House Frames the Issues: Even More Guns, Even Less Butter
New House rules adopted on January 5 allow the chair of the House Budget Committee to set discretionary spending levels for FY 2011, and to allocate spending to the various appropriations sub-committees, sidestepping consultation with members of both parties in the Budget Committee. Budget Chair Paul Ryan has said that he will roll back discretionary spending (except for military spending) to 2008 levels, in keeping with the majority party’s “Promise to America.”
Another new rule is likely to have an even larger long term impact on the ability of the federal government to function: The new rules allow Congress to increase the deficit by approving more tax cuts, without offsetting the cuts with less spending. This is an expensive proposition. Continuing special tax breaks to households making more than $250,000 a year, for example, and exempting almost all estates from any estate taxes will cost the U.S. Treasury $139 billion in 2011 and 2012. Congress approved this tax deal before adjourning in December. New House rules will permit more tax cuts, and more lost revenue, without having to consider their impact on the deficit.
So what would happen if spending was rolled back to 2008 levels? The chart below shows that non-military discretionary spending grew by about $172 billion since 2008. Total discretionary spending grew by about $273 billion. If Chairman Ryan intends to roll back only the non-military discretionary programs to 2008 levels, he will need to propose about a 25 percent reduction in spending – on programs like education and training, aid to states (several of which are going bankrupt), transportation and highways, housing and mortgage assistance, employment and employment training programs, veterans’ programs, and many others.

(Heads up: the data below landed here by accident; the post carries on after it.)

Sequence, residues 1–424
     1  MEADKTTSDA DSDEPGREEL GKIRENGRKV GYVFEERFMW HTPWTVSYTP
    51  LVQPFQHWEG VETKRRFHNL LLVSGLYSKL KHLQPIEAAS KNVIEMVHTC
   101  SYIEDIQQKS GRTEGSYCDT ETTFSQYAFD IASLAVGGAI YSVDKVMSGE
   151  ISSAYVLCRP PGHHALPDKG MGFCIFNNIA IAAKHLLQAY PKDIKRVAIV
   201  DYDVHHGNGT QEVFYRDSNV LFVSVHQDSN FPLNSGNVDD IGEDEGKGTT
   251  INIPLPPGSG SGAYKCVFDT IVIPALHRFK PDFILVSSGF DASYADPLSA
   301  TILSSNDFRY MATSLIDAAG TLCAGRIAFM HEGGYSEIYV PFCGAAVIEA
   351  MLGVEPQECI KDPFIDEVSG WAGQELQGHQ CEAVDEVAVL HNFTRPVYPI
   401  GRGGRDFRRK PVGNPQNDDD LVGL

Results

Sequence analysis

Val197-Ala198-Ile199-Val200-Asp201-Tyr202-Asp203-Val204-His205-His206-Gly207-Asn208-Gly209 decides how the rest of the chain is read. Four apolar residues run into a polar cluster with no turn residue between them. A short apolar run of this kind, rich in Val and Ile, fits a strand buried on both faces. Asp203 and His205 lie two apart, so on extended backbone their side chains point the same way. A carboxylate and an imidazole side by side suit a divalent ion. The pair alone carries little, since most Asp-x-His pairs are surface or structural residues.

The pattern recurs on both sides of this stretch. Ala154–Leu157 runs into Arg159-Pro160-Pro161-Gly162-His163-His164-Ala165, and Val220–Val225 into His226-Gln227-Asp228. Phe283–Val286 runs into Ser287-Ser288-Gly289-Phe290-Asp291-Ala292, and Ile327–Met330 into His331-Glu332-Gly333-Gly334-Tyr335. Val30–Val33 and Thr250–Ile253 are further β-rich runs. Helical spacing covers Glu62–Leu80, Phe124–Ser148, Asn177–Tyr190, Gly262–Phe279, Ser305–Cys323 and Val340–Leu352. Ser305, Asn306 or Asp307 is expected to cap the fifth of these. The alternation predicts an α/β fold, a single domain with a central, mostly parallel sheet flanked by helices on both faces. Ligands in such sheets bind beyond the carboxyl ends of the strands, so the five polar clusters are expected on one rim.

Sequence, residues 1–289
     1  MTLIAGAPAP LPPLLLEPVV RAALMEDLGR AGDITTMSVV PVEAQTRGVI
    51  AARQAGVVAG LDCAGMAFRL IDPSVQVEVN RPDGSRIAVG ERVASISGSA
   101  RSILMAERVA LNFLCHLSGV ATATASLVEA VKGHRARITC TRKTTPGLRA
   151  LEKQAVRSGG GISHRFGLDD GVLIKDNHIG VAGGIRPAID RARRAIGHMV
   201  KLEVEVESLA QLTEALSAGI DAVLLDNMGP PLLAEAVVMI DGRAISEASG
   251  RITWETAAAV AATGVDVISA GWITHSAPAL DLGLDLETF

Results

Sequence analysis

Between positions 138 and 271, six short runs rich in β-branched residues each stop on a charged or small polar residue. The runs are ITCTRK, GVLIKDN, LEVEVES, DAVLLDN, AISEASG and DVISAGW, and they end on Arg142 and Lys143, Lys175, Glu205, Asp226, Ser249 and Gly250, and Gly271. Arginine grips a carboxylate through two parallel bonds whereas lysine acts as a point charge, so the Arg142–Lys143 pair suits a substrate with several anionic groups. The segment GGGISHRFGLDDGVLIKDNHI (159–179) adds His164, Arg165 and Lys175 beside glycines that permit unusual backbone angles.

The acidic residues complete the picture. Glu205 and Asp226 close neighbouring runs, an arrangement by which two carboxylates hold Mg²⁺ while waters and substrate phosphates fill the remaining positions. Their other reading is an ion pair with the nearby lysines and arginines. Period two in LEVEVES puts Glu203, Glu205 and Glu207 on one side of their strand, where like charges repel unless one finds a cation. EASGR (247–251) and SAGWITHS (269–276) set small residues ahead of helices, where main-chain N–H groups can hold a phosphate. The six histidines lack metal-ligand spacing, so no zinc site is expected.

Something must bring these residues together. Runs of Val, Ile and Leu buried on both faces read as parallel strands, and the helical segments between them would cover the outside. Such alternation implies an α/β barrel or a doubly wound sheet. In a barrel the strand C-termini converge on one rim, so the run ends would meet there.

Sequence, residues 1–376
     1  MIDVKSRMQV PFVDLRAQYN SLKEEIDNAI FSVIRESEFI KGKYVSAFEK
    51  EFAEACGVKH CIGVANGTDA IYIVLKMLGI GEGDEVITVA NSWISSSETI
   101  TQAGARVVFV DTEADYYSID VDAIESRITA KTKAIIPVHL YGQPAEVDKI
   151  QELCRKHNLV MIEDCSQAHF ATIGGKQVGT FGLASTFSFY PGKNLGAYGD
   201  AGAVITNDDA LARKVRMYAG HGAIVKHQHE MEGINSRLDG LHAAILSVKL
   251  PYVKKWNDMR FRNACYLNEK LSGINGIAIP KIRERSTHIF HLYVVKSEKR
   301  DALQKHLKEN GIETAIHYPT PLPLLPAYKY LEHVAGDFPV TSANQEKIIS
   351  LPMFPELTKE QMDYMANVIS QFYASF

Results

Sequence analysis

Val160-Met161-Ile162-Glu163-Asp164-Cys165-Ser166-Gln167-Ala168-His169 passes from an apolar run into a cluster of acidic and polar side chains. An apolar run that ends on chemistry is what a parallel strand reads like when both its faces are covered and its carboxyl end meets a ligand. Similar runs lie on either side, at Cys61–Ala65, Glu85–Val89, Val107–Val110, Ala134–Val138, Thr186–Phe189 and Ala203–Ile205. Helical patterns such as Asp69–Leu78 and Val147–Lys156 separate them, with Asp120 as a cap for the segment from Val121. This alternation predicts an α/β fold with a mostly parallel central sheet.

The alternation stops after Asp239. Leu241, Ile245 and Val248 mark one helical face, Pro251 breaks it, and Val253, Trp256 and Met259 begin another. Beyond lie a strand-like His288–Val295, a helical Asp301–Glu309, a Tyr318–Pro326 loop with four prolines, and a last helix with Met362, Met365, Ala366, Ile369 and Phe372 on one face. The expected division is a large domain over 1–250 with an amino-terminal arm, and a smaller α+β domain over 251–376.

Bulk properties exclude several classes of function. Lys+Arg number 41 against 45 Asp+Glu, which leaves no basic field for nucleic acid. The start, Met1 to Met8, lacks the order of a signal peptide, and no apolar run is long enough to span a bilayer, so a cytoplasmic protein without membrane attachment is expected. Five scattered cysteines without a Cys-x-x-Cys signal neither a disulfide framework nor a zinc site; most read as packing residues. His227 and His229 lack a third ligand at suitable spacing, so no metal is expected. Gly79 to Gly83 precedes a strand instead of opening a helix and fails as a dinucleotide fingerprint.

The irony of the $139 billion give-away to the richest 2 percent of households in December, and the demand that non-military discretionary spending be reduced by $172 billion in January is hard to miss.
The personal pain of those spending cuts to millions of families around the country will be magnified into prolonged public pain, as our economy continues to falter.
Meanwhile, apparently, the military budget is exempt from cuts. The proposed budget for FY2011, submitted by President Obama last February, called for a $30 billion increase in military spending. Congress is said to be quailing at the prospect of the so-called “budget cutting” proposals brought to the hill last week by Defense Secretary Gates, even though the Pentagon budget would actually increase by about $12 billion in Gates’ plan.